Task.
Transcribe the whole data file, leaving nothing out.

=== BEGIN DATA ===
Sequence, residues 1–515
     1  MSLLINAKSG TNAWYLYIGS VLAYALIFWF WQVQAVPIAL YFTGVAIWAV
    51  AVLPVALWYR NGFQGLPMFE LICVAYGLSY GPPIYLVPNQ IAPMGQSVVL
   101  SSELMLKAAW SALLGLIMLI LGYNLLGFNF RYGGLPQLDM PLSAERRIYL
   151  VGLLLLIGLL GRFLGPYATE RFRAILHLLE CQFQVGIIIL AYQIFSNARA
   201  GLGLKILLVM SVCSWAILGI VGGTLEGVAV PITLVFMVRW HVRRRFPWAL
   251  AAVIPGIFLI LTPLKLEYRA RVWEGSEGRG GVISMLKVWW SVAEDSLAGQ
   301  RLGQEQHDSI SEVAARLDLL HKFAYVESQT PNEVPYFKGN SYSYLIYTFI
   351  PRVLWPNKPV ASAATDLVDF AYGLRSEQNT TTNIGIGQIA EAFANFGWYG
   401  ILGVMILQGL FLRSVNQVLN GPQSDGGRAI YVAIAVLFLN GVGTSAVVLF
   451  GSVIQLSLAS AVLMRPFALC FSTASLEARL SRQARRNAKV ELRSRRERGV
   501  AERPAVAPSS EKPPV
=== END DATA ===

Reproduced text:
Sequence, residues 1–515
     1  MSLLINAKSG TNAWYLYIGS VLAYALIFWF WQVQAVPIAL YFTGVAIWAV
    51  AVLPVALWYR NGFQGLPMFE LICVAYGLSY GPPIYLVPNQ IAPMGQSVVL
   101  SSELMLKAAW SALLGLIMLI LGYNLLGFNF RYGGLPQLDM PLSAERRIYL
   151  VGLLLLIGLL GRFLGPYATE RFRAILHLLE CQFQVGIIIL AYQIFSNARA
   201  GLGLKILLVM SVCSWAILGI VGGTLEGVAV PITLVFMVRW HVRRRFPWAL
   251  AAVIPGIFLI LTPLKLEYRA RVWEGSEGRG GVISMLKVWW SVAEDSLAGQ
   301  RLGQEQHDSI SEVAARLDLL HKFAYVESQT PNEVPYFKGN SYSYLIYTFI
   351  PRVLWPNKPV ASAATDLVDF AYGLRSEQNT TTNIGIGQIA EAFANFGWYG
   401  ILGVMILQGL FLRSVNQVLN GPQSDGGRAI YVAIAVLFLN GVGTSAVVLF
   451  GSVIQLSLAS AVLMRPFALC FSTASLEARL SRQARRNAKV ELRSRRERGV
   501  AERPAVAPSS EKPPV